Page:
December 8, 2009
Who would have thought it would be so complicated to save for something as basic as your children’s education?
It isn’t a simple undertaking, and one of the biggest dilemmas parents face is whether to use a 529 plan for that purpose. The “Great Unwind” jolted many 529 college plan savers. Especially hard-hit were age-based 529 portfolios and self-managed plans that were still invested in equities for students in or very near college in 2008 or 2009. Many are reconsidering whether 529s are right for them, and others are approaching the decision for the first time.
When considering using a 529 plan, start with the end in mind. What are the primary goals in saving for college? Traditionally, they have been:
Goal #1: have the saved principal be secure
Goal #2: achieve some growth of principal after inflation
The recent market decline coupled with, tax, custodial, management fees and estate planning issues make the decision to use a 529 plan less than straightforward. Let’s briefly review the history of college savings plans and see how the current landscape favors 529s for some clients but not for others.
Years ago parents and grandparents salted away savings for college in an UTMA or UGMA. The accounts were probably in a bank savings account (remember the little passbooks the teller would stamp for us?), the taxes on earnings were negligible, if any (unless you were lucky and it was ’74-’82), and the capital gains tax was not much of an issue because the funds were invested in CD’s or r bank savings accounts.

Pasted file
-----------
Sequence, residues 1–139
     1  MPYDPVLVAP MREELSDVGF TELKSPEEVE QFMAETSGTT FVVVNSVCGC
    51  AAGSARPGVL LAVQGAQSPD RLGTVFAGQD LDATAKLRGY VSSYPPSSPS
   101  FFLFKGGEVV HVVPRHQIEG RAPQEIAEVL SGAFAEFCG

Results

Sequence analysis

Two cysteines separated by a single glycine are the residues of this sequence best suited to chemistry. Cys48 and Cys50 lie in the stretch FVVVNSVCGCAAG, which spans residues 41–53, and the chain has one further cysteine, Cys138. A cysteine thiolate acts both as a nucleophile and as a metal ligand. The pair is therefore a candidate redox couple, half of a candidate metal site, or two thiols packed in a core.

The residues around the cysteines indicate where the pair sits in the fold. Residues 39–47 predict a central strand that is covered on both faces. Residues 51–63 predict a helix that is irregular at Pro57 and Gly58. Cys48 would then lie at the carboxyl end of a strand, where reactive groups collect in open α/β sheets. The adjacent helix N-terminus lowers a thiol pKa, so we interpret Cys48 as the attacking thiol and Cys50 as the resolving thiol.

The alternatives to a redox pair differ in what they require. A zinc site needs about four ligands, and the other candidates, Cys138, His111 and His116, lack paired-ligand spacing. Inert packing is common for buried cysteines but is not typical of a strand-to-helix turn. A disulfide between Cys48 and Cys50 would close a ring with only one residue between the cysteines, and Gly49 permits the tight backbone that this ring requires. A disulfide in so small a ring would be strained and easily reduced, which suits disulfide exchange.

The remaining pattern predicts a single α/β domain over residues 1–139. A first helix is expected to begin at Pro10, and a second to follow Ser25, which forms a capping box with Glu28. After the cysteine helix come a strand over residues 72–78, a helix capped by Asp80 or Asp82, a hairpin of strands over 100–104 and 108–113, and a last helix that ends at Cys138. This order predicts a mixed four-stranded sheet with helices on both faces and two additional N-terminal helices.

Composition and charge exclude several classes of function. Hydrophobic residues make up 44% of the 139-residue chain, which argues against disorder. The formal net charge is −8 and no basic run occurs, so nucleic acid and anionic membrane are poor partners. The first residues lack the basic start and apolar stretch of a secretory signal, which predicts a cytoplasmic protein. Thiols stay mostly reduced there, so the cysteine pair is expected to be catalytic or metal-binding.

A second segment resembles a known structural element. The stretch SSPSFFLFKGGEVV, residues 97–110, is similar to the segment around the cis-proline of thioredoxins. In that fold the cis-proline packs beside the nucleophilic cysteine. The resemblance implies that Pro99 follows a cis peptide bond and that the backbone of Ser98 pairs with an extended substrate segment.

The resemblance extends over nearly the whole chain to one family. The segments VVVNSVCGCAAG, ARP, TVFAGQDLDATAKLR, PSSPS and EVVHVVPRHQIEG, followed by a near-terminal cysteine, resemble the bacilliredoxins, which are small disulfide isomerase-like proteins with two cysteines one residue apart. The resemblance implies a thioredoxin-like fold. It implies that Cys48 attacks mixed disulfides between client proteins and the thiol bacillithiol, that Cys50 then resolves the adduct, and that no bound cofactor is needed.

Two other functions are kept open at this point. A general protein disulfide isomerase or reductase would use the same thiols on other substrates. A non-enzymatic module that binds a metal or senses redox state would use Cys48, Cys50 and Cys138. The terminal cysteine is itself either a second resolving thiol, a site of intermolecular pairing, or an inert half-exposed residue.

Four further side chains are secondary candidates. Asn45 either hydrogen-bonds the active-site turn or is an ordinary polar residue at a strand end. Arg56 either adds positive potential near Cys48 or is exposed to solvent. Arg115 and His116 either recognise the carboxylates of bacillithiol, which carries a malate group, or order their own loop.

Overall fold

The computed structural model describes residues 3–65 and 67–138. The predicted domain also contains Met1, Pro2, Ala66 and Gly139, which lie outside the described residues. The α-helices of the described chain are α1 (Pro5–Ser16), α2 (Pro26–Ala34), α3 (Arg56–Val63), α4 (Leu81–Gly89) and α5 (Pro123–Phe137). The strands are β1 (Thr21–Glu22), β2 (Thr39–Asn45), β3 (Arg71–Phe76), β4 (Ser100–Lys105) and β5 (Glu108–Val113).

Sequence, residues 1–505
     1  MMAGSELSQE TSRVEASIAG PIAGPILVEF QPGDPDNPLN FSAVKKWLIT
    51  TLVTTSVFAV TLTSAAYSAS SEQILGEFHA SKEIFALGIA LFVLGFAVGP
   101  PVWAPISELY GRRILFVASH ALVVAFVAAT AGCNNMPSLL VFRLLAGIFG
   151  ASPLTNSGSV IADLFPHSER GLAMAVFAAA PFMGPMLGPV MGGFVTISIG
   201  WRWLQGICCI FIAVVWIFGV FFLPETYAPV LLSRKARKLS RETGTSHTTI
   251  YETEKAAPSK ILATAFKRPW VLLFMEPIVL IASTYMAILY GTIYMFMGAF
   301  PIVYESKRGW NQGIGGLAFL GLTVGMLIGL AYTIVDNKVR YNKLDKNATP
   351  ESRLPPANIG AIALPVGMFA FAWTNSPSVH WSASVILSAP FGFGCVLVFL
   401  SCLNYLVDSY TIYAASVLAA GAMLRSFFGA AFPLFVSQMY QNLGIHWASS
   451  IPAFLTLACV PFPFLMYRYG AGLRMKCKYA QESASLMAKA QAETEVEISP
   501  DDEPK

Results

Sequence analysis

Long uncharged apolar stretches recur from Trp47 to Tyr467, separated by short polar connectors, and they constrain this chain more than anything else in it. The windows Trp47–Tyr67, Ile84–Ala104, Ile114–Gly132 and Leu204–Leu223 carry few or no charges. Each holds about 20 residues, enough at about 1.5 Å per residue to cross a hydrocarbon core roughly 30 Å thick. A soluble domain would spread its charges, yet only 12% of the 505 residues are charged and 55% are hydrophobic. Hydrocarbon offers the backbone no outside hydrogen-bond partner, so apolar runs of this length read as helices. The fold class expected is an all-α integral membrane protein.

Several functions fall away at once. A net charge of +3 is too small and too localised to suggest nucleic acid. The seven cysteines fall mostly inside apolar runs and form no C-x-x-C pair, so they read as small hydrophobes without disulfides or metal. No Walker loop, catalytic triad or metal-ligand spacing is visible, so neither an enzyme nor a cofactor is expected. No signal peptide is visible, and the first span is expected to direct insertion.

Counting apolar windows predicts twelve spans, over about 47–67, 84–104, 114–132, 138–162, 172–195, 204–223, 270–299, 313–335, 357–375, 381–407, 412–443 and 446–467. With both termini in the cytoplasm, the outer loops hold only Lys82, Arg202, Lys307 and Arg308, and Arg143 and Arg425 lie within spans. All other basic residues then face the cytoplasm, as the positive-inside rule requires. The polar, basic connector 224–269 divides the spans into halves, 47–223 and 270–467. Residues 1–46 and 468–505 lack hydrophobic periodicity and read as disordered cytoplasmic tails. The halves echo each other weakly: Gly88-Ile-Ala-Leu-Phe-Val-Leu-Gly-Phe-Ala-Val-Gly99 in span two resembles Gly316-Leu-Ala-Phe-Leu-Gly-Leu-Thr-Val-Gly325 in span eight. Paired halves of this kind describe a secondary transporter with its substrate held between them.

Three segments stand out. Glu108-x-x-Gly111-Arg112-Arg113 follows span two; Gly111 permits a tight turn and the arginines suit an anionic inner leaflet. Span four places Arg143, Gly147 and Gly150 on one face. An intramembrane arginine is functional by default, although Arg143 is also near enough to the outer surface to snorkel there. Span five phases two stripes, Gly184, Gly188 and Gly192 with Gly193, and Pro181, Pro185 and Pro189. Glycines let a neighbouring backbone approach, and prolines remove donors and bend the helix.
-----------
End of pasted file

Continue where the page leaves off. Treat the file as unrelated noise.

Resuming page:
Starting in 1999 the Federal Government created a series of vehicles to encourage more savings for post-high school education. The first was the Coverdell education saving account. 1 This provided a tax exemption for earnings and growth if the proceeds were used for specific educational purposes. It offered some estate tax sheltering and fuller parental/custodian control than a UGMA/UTMA. If the parent maintained control of a Coverdell, however, doing so nullified the potential financial aid advantages of having the child be the owner. Also with a Coverdell both the adjusted gross income (AGI) and the annual gift limits are too low for many clients.
In 2001, Congress passed the Economic Growth and Tax Relief Reconciliation Act of 2001 (EGTRRA), and with it the 529 plan came into prominence. The 529 improved on the Coverdell by removing AGI limits, meaningfully raising the annual gift amount, adding an estate tax sheltering election, and allowing transfers of funds among siblings. These enhancements afforded advantages over the potentially more costly approach of setting up individual trusts in order to retain parental control past the age of minority. Furthermore, trusts do not afford the potential tax exemption on income and growth of principal.
1 Surprisingly, Coverdell accounts are not universally available even at retail-oriented brokerage firms.
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